Uganda adopted its third National Action Plan (NAP) in 2021 for the period 2021-2025. It is preceded by two others, for the periods 2008-2010 and 2011-2015.
In 2008, Uganda adopted its first National Action Plan (NAP). The NAP was developed by the Ministry of Gender Labor and Social Development and constitutes a part of a broader national strategic framework on the advancement of women; in particular, the five year National Action Plan on Women (2007) which set out priorities in peacebuilding, conflict resolution and the rights of women and girls to live free from violence. Relatedly, the NAP addresses the gendered impacts of small arms and light weapons as well as referencing Uganda’s arms control and disarmament measures. A second NAP was adopted for the period 2011-2015.
A participatory development process was formulated as a roadmap to NAP III in January 2019, informed by the review and evaluation of the two previous Ugandan NAPs, as well as UN Women’s 2015 global study on the implementation of UN Security Council Resolution 1325. The NAP is implemented through a localisation strategy that is people-focused and bottom-up. Rather than a prescriptive tool, it is intended to be ‘an essential guiding tool for different sectors’ (p. 31) including governmental ministries, departments and agencies (MDAs), NGOs and cultural institutions. NAP III focuses on four core goals: all forms of violence prevented and conflicts resolved; good governance enhanced at all levels; natural and human-made disasters prevented and mitigated; systems and structures for the implementation and coordination of the NAP III strengthened. It has a comprehensive and detailed Monitoring and Evaluation Plan based on annual reporting from civil society, MDAs and district local governments, as well as a mid-term evaluation in 2023. It also has an estimated total budget of 90,570,166,912 UGX.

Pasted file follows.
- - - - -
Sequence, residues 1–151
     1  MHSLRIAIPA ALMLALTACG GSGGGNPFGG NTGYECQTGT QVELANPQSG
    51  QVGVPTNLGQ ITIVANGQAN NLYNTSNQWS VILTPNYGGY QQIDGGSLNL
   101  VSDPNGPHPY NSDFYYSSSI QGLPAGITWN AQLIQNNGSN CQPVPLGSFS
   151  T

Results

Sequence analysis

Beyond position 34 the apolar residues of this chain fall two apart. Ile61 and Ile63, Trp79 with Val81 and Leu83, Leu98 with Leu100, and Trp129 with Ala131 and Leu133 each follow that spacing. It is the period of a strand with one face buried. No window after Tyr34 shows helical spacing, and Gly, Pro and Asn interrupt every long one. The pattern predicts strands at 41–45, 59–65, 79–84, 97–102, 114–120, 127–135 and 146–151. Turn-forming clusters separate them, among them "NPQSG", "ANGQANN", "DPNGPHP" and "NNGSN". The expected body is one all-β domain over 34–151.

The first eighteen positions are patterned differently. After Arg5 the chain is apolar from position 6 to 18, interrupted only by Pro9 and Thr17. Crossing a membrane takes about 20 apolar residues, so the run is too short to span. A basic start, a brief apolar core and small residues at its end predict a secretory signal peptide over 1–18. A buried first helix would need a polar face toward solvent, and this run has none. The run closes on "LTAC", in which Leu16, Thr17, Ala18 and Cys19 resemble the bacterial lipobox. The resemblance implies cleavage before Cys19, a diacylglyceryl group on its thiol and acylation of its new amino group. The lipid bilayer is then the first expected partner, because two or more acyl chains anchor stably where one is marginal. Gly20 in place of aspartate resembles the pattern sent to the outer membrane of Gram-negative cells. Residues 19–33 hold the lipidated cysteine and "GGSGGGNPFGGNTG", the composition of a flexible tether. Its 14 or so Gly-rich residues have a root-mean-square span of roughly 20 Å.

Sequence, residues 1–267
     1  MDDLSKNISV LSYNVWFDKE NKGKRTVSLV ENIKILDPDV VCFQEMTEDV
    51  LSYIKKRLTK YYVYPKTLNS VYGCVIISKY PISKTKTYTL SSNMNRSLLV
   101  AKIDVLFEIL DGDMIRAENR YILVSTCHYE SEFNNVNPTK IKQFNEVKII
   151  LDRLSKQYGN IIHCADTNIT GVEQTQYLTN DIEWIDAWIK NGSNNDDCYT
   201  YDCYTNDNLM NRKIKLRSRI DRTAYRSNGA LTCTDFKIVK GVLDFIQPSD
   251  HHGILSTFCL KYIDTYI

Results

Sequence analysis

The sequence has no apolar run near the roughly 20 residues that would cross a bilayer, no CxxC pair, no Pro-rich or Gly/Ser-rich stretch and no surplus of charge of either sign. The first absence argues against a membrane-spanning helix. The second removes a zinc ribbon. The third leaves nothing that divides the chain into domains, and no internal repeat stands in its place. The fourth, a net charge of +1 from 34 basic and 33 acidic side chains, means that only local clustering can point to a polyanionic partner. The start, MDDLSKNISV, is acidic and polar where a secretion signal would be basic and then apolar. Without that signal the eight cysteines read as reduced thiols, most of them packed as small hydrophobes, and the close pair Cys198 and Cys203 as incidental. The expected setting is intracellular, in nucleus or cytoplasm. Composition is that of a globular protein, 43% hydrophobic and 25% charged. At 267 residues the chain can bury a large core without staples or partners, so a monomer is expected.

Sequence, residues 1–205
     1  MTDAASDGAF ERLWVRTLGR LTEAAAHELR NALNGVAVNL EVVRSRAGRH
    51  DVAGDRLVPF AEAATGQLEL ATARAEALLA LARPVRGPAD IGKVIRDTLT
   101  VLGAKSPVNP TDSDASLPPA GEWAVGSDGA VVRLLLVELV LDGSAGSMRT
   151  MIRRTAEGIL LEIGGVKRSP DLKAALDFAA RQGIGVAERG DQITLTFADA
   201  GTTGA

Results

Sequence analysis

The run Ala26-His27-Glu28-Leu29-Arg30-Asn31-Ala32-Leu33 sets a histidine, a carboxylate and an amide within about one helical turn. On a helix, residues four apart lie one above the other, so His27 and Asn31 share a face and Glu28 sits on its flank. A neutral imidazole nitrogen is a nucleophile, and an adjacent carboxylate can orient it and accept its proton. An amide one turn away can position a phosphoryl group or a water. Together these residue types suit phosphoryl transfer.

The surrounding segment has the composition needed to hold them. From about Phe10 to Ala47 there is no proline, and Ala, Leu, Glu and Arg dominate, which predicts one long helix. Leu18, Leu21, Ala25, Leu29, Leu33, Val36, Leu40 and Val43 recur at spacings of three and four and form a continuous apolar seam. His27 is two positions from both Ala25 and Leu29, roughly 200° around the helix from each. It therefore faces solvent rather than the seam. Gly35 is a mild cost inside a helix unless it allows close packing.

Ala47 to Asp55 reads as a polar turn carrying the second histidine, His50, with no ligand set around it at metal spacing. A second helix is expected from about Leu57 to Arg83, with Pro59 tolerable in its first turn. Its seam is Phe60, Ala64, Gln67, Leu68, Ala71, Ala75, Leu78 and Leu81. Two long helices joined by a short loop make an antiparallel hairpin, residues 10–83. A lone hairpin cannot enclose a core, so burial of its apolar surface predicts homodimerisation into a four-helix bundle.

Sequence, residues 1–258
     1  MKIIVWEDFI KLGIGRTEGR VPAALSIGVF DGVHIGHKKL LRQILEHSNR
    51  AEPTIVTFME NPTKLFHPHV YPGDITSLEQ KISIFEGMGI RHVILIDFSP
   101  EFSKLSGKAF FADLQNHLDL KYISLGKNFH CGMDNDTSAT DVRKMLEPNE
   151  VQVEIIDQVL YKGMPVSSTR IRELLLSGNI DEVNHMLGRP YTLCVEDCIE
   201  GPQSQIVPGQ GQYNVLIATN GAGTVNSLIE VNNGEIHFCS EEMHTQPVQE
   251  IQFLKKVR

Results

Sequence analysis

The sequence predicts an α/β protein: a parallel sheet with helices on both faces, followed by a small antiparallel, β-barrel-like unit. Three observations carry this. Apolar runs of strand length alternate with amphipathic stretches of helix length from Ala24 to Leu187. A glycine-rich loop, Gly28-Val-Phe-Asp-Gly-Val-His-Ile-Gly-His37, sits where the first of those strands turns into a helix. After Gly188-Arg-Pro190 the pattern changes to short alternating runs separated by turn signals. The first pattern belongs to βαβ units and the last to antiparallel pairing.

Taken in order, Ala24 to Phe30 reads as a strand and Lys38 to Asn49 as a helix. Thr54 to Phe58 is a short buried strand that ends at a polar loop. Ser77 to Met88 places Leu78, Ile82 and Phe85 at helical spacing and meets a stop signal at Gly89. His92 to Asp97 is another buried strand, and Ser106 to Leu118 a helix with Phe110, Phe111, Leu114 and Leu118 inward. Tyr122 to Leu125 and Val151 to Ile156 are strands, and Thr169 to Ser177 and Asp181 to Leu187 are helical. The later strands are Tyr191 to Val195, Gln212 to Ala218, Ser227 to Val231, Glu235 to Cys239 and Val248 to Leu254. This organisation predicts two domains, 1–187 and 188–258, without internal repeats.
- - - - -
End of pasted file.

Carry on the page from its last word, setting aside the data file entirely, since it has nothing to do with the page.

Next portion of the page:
Uganda reported on the implementation of its NAP, as well as WPS commitments, in its national reporting for Beijing+25 and in preparation for CSW64. Specifically, Uganda stated that the country conducted an evaluation of the NAP, and a multi- stakeholder technical committee to develop a successor national action plan was put in place. The identified legal priority areas of the NAP were legal and policy frameworks; improved access to health and medical services and psychosocial services for GBV victims/survivors; women in leadership and decision making and prevention of GBV in Society; and budgetary allocations for implementation on UNSCR 1325. Local governments also developed and implemented peace action plans with support from civil society organizations. In the implementation of the plans, community members were assigned roles in conflict analysis, early warning, prevention and response.
Uganda gained independence from the United Kingdom in 1962, after decades of colonial rule by the British Empire. Uganda experienced a military dictatorship from 1971 until 1979, a civil war, which lasted from 1980 until 1986, as well as a protracted conflict between the government and the Lord’s Resistance Army, ongoing since 1987. Women have been deliberately targeted with sexual violence during these conflicts, and a study on displaced and conflict-affected populations in Uganda found that women were twice as likely to demonstrate systems of PTSD as well as being four times as likely to show systems of depression.
In 2019, Uganda was among the top 5 countries in the world with the biggest increase in their military expenditure, with a 52% increase in its military spending.
At the multilateral level, Uganda most recently served as a non-permanent member of the United Nations Security Council for the period 2009-2010.